Fortunately for Jeffrey Goldberg, he not only once lived in Israel but served in its army. Without those credentials he almost certainly would be denounced as an anti-Semite or a self-hating Jew. After all, Goldberg had the consummate gall and utter chutzpah to say the obvious: Israel's West Bank and Gaza settlements have to go.
Actually, Goldberg went even further. In nearly 16,000 words in the May 31 issue of the New Yorker, this Washington-based journalist wrote that in some ways, the Jewish zealots who have established settlements in the heart of overwhelmingly Palestinian areas are as great -- or greater -- a danger to Israel as their counterparts among the Islamic extremists, Hamas and Islamic Jihad. His article was titled "Among The Settlers; Will They Destroy Israel?"
For raising that question, he has come under unaccustomed attack. Goldberg has spent the past several years reporting and writing about Islamic radicalism and the threat it posed. This made him the darling of the neocons. But now he's asking similar questions about Jewish zealotry, and for that his integrity, if not his very sanity, has been questioned by the usual American guardians of Israeli security. Among the slings and arrows sent his way was one from Andrea Levin, the head of a media watchdog group, published in the English-language Jerusalem Post. She called Goldberg's piece "distorted and sloppy with facts." I read it quite differently: on the nose.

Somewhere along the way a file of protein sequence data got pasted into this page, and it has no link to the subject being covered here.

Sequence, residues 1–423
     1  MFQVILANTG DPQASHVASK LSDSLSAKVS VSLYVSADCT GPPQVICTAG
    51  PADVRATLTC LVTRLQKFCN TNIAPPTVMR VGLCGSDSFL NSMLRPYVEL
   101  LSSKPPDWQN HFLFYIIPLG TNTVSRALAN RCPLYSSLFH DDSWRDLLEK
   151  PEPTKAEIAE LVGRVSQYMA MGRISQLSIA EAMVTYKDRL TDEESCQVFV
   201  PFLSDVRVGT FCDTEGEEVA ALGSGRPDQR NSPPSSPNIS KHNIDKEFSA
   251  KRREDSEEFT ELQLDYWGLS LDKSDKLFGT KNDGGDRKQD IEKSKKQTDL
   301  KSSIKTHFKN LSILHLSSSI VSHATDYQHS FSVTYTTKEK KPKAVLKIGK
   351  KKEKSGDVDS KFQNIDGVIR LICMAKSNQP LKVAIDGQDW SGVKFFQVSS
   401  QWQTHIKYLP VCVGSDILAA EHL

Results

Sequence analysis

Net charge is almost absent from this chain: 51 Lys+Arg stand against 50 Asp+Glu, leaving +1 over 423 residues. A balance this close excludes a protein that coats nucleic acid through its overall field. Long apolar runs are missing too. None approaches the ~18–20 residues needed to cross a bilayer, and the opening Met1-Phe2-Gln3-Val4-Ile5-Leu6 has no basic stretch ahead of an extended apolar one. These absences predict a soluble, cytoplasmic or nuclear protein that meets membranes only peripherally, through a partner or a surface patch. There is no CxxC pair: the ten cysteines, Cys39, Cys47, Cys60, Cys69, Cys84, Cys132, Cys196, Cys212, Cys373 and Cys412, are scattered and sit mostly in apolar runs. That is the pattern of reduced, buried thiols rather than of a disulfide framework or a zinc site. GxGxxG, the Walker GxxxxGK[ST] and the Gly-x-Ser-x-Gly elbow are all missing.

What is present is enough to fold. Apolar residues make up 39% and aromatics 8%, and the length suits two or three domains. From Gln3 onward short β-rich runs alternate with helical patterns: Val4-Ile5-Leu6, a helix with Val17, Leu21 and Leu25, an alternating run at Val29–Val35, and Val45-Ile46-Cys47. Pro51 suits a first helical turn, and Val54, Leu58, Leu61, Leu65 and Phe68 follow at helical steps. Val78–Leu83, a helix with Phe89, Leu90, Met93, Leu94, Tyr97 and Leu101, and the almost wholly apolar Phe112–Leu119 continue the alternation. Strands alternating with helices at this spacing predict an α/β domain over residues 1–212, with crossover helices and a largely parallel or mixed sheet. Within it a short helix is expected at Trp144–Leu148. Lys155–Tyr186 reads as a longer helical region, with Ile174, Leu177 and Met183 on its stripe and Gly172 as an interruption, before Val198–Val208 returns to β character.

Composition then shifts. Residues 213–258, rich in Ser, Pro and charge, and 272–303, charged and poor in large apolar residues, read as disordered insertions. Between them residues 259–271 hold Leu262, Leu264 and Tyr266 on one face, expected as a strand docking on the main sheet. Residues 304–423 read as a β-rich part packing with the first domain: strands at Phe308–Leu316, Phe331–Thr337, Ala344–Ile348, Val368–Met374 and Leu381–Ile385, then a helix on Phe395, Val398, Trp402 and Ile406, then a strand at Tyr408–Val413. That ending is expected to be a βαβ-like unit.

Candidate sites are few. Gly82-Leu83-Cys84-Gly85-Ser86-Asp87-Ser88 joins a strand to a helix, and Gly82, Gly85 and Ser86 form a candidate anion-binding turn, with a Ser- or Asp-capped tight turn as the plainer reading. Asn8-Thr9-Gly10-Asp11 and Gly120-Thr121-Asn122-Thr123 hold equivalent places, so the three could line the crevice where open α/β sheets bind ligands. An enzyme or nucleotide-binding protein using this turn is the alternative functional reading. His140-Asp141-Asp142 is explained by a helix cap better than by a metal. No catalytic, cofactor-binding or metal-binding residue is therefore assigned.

But what really matters is not this or that fact -- although I could find nothing wrong in Goldberg's piece -- but his overall point. It is that not only has Israel gotten itself into a demographic and geographic trap with its settlements in Palestinian lands, but it has allowed the most reactionary, belligerent and racist elements in Judaism to establish some of the most provocative settlements. God might want these settlements, as the settlers themselves insist, but it is conscripts, mostly secular Jews, who have to guard them